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All You Can Eat

Trend-setting restaurants, Northwest cookbooks, local food news and the people who make them happen.

Topic: The Whale Wins

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December 5, 2013 at 11:42 PM

Your table is not waiting, but you are: the ‘no reservations’ game

A menu at Blind Pig Bistro Photo: Dean Rutz / The Seattle Times

Menu at Blind Pig Bistro
Photo: Dean Rutz / The Seattle Times

With just 27 seats and a chalkboard menu listing fewer than a dozen items, Blind Pig Bistro appears to be the sort of neighborhood place that wouldn’t take reservations, much less offer a tasting menu.

But the two-year-old Eastlake eatery announced this week they now accept reservations, plus they’ve made their popular whole-menu tasting option more attractive: the 8 to10-plate shareable feast is priced at $35-$45 per person.

The news got me wondering anew why some restaurants take reservations, while others—to the annoyance of many diners, me included—don’t.

Blind Pig’s chef/owner Charles Walpole says he’s thinking of his customers. “The idea at this point is, how can we be better, how can we grow. Taking reservations is one way we can improve service. It’s asking a lot to ask people to come in and not have a table waiting.”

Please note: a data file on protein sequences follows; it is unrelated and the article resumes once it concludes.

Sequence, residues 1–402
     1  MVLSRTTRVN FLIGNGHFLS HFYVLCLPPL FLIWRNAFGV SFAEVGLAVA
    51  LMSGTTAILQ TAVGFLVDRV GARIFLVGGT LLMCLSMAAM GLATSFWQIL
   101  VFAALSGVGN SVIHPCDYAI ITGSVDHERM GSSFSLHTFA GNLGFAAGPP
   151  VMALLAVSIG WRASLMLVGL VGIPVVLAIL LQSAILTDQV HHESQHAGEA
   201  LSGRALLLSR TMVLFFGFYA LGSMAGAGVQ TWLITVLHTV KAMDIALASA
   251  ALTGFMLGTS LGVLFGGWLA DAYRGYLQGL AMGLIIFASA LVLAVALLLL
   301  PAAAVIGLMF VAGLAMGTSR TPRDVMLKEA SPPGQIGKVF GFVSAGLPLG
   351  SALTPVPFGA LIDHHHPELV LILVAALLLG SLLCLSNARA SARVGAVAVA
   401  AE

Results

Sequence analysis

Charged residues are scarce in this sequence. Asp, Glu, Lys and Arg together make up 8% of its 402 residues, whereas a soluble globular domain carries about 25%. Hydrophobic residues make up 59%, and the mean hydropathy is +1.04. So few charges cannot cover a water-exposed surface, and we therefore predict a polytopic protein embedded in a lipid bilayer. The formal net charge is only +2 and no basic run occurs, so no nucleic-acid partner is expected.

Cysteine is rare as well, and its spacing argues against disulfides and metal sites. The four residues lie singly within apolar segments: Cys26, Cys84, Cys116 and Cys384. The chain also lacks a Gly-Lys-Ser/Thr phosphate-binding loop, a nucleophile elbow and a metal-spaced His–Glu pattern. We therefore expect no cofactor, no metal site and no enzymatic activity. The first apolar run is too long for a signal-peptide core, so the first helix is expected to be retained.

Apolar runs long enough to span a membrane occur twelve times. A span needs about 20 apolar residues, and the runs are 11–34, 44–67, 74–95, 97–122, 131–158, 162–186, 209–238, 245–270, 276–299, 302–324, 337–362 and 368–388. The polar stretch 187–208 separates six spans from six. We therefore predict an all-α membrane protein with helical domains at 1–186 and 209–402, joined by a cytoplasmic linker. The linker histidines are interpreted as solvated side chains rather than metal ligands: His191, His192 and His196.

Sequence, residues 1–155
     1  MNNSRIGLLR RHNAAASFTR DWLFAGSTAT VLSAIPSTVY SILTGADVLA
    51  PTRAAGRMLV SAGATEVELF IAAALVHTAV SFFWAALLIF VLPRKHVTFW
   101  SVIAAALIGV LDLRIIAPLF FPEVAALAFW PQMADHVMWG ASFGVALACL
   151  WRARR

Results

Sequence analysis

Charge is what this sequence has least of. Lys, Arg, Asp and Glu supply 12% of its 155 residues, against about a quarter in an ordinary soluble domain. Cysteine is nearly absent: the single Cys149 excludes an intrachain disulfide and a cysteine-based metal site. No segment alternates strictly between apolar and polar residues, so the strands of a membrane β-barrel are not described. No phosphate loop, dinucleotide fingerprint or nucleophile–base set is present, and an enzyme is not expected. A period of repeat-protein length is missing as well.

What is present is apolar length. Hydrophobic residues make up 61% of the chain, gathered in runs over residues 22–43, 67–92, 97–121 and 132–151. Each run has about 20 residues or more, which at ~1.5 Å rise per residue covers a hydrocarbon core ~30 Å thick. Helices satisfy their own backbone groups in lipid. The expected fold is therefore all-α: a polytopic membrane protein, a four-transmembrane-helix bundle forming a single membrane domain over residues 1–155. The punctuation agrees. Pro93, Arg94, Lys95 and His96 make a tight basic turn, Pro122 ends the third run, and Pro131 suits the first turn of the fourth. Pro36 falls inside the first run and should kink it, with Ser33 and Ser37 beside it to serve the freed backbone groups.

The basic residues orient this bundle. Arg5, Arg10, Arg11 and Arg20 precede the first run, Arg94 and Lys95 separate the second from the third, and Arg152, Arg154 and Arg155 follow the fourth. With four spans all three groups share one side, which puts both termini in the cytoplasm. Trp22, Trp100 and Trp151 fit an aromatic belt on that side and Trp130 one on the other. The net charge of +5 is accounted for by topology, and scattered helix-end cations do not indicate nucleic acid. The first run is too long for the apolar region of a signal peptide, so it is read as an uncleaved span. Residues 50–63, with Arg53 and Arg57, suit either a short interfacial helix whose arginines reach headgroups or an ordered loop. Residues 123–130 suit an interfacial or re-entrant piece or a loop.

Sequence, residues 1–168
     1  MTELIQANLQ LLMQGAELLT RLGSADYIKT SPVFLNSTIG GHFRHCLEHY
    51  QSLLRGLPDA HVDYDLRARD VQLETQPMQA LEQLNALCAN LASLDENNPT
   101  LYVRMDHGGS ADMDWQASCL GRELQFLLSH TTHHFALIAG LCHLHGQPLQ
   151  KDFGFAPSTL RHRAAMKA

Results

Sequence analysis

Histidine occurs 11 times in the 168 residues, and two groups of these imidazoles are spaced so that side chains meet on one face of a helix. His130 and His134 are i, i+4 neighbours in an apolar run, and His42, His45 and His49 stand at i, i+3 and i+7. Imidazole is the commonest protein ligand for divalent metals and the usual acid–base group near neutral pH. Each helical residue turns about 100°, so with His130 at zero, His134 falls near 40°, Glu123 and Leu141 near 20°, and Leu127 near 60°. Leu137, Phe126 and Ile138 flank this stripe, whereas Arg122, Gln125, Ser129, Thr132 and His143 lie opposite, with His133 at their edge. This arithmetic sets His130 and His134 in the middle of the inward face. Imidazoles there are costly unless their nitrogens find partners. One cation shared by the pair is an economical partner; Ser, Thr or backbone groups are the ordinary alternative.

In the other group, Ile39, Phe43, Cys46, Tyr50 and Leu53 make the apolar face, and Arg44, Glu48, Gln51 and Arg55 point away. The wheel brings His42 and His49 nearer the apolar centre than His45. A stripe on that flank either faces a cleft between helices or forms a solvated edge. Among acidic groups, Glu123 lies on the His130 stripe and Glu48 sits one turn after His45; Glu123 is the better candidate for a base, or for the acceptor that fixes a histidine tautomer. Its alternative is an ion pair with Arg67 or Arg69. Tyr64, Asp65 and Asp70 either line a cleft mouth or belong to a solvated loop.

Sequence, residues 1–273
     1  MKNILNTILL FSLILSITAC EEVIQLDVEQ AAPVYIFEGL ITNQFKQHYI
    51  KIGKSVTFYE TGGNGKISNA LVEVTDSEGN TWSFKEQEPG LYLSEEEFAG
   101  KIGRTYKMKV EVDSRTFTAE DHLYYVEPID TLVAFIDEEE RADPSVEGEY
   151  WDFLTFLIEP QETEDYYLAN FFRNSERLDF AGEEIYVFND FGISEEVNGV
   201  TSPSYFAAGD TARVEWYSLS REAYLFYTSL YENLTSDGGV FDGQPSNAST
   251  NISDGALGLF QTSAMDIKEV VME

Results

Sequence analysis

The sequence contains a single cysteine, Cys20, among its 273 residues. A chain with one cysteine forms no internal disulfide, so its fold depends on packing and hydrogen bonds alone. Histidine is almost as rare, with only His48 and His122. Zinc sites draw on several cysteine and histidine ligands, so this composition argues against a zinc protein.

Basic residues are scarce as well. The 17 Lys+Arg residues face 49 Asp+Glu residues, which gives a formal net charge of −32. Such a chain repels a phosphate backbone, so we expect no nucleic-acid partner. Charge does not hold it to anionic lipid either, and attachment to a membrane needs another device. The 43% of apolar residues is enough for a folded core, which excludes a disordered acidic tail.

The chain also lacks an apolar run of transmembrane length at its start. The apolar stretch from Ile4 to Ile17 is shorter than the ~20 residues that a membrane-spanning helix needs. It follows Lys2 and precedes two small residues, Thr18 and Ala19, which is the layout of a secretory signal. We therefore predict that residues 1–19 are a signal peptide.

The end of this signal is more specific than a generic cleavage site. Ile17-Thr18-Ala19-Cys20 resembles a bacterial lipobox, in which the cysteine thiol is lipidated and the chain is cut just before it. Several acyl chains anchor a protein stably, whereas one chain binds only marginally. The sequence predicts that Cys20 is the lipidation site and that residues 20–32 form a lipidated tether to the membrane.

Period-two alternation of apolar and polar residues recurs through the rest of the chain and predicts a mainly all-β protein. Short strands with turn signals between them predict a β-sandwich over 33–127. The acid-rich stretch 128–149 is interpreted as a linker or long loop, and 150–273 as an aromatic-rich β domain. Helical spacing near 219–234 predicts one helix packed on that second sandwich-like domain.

He’s also thinking long term. In 2014 he plans to transform the adjacent Eastlake Teryiyaki into a 35-seat bar and lounge. The two storefronts will be connected but have separate names and menus.

The reason many small restaurants don’t take reservations, says Walpole, is largely a staffing issue. “It requires managing the tables, calling and confirming the reservations. We have a bigger staff and a stronger team. We feel we can do it now and do it right.”

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Comments | Topics: Blind Pig Bistro, Cantinetta, Ethan Stowell Restaurants

June 7, 2013 at 4:36 PM

Vegan kudos, salad days, collard wraps and other vegetation

It’s been a week!

The folks at PETA want me to tell you that Seattle was just named one of America’s top 10 vegan-friendly cities. Done. I told you to eat more collards — and showed you why you need to start rolling your own. Meanwhile, over on KPLU Stein and I talked about salads: He carried on about the iceberg variety and gave the big thumbs up to The Smitten Kitchen’s Deb Perelman for her smartypants idea for building a better wedge salad (ditch the wedge and go horizontal) while I offered my time-tested recipe for Thousand Island dressing (you’ve got the goods in your fridge) and waxed rhapsodic about one of the best salads in Seattle. Listen in here.

The "lettuces salad" at the Whale Wins. (photo by Nancy Leson)

The “lettuces salad” at The Whale Wins. So good, I make it at home, too. (photo by Nancy Leson)

 

And just to keep things exciting, I got bawled out by a reader who read my cover story in today’s Weekend Plus — the one that talks about restaurants where carnivores and vegetarians can happily co-exist. Her beef? (Well, one of them):

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Comments | Topics: collards, Smitten Kitchen, The Whale Wins